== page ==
Column – The Confusing Timelines of ‘Halloween’ Explained

Now that the trailer for the new 'Halloween' is out, let's take a look at the mess that is the 'Halloween' timeline.

Written by J.T. Johnson

Recently, a new trailer was released for “Halloween”, a movie that is scheduled to come out on October 19. It features the return of a scarred Laurie Strode, played once again by Jamie Lee Curtis. This time, she wants Michael Myers to escape from the mental asylum so that she can finally kill him 40 years after the events of the original film.

One thing that might confuse some audience members, though, is that this film is ignoring every single sequel and remake that has come out after the original “Halloween”. It’s actually more necessary than one might think when considering the tangled mess that the sequels had gotten themselves into over the years. Let me explain.

After “Halloween” was released, it was followed by “Halloween II” in 1981. This film featured the return of Laurie Strode and Dr. Sam Loomis as they had to confront Michael Myers one last time. Once “Halloween II” was out, original “Halloween” director and writer John Carpenter wanted to take the series into a new direction.

“Halloween III: Season of the Witch” was a film that told a completely new story not involving Michael Myers. The attempt was to turn the series into an anthology of films that would tell a different story with the connecting theme being that they were set during Halloween. After the poor box office reception of “Season”, though, the series went on a brief hiatus.

In 1988, the filmmakers brought back Michael Myers and this began what I like to refer to as the “Loomis Trilogy”. Starting with “Halloween 4: The Return of Michael Myers”, Donald Pleasence returned as Sam Loomis and would continue to play the role in “Halloween 5: The Revenge of Michael Myers” and “Halloween: The Curse of Michael Myers”. In 1998, though, original star Jamie Lee Curtis expressed interest in returning for another film.

This presented a problem due to the fact that the past three films had stated that Laurie had died. After attempts to reconcile this inconsistency, the filmmakers behind “Halloween H20: Twenty Years Later” decided that every film after “Halloween II” would be ignored. A new timeline featuring “H20” and “Halloween: Resurrection” had begun.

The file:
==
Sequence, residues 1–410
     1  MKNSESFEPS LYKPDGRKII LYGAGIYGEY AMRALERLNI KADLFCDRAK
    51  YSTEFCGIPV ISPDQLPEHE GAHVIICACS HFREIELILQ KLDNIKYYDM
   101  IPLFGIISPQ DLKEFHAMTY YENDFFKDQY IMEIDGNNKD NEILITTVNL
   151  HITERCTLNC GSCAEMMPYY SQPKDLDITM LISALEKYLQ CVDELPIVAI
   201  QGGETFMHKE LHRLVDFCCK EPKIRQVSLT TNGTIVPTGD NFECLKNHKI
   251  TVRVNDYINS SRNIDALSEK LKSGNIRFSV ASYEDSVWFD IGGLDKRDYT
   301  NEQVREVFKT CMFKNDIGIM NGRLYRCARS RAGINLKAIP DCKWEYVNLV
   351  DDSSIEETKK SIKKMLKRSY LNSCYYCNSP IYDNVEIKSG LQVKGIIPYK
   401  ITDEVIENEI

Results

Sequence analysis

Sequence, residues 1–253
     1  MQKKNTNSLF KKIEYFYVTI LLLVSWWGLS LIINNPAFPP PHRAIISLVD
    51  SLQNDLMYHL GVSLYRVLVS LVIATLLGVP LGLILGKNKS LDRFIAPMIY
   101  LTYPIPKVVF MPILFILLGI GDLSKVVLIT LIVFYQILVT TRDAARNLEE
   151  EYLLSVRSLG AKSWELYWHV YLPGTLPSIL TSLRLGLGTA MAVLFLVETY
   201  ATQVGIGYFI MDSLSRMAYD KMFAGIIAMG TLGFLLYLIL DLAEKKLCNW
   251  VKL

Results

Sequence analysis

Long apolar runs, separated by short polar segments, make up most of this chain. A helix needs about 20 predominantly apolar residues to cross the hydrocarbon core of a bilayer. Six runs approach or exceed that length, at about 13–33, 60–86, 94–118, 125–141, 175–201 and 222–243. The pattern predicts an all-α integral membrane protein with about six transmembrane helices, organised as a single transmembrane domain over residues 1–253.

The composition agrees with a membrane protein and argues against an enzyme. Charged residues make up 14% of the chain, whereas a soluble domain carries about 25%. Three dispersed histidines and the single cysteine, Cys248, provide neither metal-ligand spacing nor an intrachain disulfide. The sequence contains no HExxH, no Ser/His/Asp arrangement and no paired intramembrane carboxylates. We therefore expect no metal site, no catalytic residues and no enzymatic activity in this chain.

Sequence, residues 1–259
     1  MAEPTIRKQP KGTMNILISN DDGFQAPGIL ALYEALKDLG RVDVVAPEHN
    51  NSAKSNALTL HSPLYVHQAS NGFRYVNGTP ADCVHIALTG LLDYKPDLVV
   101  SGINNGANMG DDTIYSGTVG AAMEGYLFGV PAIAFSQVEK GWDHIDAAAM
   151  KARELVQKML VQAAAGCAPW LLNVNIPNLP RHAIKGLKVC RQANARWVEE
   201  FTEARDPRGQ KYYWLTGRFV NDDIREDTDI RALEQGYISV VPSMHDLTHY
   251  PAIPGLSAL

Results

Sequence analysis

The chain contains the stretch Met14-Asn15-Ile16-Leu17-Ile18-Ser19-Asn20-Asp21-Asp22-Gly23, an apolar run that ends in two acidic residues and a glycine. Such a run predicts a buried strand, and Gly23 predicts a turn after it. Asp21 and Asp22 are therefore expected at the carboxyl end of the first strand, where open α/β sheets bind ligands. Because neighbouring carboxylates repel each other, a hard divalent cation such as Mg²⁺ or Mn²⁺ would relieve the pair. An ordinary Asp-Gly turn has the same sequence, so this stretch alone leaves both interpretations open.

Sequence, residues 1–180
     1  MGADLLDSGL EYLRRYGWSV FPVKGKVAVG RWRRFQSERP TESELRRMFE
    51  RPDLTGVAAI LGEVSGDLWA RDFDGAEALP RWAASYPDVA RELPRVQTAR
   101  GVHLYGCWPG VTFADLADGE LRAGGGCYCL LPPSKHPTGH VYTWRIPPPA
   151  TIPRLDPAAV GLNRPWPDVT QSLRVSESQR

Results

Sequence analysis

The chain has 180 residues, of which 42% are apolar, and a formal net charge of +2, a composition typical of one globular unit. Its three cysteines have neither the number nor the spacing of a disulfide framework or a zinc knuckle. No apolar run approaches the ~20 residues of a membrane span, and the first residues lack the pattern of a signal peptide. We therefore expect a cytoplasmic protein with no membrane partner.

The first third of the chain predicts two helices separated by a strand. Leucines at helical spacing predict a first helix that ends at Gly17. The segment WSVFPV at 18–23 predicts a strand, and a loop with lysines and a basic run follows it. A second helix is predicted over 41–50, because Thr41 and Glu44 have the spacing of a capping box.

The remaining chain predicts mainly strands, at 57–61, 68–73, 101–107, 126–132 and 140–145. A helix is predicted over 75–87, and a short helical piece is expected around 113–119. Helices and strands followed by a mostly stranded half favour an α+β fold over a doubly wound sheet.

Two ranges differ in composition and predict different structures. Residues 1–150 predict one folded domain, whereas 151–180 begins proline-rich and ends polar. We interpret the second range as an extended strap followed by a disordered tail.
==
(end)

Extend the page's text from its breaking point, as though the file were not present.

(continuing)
Due to the confusing nature of the timelines, the filmmakers decided to reboot the entire franchise at a time where it felt like every horror film was getting a remake. In 2007, director Rob Zombie released the “Halloween” remake and it continued with the abysmal “Halloween II” in 2009. Once “Halloween II” failed at the box office, the series seemed to stall altogether.

There were also rights issues over the years concerning who could distribute the films. Since “The Curse of Michael Myers”, Dimension Films had produced and distributed each entry. Once they didn’t produce another film after a certain amount of time, they lost the distribution rights. Eventually, Universal Studios and Miramax obtained the rights and sought out Blumhouse Productions to make the new film coming out later this year.

They have returned to the original creator, Mr. Carpenter, to executive produce and compose the music for the new “Halloween”. New writers Jeff Fradley, Danny McBride and David Gordon Green have also decided to reset the original timeline once again. No films beyond the original exist anymore, including the original “Halloween II”. This means that Laurie and Michael are no longer related and this is something that is confirmed in the new trailer.

Therefore, in order to get ready for the new film, all you need to do is watch the original “Halloween” in order to get ready for the new film. As a longtime “Halloween” fan, I’ll leave by saying that I was very impressed with what I saw in the recently released trailer. I think that the filmmakers made the right call in resetting the utterly confusing timeline and the new film looks to be another scary entry from Blumhouse Productions, the same people who recently gave us “Get Out”, “Split” and “Happy Death Day”.

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